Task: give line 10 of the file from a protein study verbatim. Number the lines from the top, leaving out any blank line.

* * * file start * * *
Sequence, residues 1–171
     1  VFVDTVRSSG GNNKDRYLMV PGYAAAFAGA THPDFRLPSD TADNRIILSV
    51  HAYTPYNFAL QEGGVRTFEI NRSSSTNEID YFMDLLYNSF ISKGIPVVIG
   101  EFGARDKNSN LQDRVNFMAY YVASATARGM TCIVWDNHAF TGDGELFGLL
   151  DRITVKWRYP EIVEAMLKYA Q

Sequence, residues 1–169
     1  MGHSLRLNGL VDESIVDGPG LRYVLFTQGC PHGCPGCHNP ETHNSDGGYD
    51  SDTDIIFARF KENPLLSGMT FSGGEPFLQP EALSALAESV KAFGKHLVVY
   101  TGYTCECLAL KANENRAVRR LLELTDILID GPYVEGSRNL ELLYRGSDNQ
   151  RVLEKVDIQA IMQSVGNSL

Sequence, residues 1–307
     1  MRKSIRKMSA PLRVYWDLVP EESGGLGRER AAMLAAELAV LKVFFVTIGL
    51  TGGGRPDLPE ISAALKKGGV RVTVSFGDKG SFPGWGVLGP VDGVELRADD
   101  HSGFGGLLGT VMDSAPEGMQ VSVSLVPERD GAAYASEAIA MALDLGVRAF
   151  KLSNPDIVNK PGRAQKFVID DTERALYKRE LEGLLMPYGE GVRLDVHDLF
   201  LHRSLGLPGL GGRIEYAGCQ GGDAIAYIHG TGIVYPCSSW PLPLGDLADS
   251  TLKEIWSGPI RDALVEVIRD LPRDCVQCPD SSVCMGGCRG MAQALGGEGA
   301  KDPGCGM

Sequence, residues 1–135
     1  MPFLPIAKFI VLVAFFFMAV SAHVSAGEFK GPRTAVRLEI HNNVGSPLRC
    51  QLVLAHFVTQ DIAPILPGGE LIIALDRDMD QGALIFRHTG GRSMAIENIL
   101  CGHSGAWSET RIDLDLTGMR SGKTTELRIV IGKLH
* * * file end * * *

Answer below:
   151  RVLEKVDIQA IMQSVGNSL